Christmas is coming, and along with it comes work Christmas parties which are often a bit of a minefield when it comes to HR issues.

A survey carried out by the TUC (Trade Union Congress) reveals interesting statistics as to the proportion of employees who let themselves down at a Christmas party. In particular 11% of those taking part in the survey admit to having embarrassed themselves in front of their bosses.

One of the more alarming issues raised is not only that 9% of employees have thrown up at a party, but have actually admitted it in the survey!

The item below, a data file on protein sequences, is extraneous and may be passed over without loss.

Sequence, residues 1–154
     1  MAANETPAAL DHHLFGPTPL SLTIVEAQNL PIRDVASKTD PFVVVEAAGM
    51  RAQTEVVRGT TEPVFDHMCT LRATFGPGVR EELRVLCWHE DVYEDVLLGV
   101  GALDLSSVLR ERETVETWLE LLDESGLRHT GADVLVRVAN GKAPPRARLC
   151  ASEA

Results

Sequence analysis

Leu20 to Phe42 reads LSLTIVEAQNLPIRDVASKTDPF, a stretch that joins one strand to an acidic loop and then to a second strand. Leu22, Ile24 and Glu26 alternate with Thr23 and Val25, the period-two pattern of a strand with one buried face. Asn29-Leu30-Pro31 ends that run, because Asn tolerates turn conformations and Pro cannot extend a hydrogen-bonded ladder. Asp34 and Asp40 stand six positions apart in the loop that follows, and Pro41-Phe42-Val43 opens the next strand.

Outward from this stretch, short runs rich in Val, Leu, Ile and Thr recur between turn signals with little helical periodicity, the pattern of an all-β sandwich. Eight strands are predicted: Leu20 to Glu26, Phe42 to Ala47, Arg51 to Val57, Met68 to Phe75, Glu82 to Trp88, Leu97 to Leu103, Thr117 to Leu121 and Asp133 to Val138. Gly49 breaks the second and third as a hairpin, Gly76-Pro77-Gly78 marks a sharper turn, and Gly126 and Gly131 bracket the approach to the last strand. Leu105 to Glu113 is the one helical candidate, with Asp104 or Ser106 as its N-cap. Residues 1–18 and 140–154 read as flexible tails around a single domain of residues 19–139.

On a serious note, employment law has viewed work Christmas parties as an extension of the workplace, as they are work events organised by management. This is the case even if the party is held at a different location to the workplace and outside normal working hours. 

This works both ways, as employees can be disciplined by their employer (and even dismissed in serious circumstances) for their misconduct at a work party, and employers can also be held vicariously liable for their employees' actions. It is therefore the responsibility of all involved to ensure a party goes smoothly to avoid any awkward disciplinary and grievance meetings later.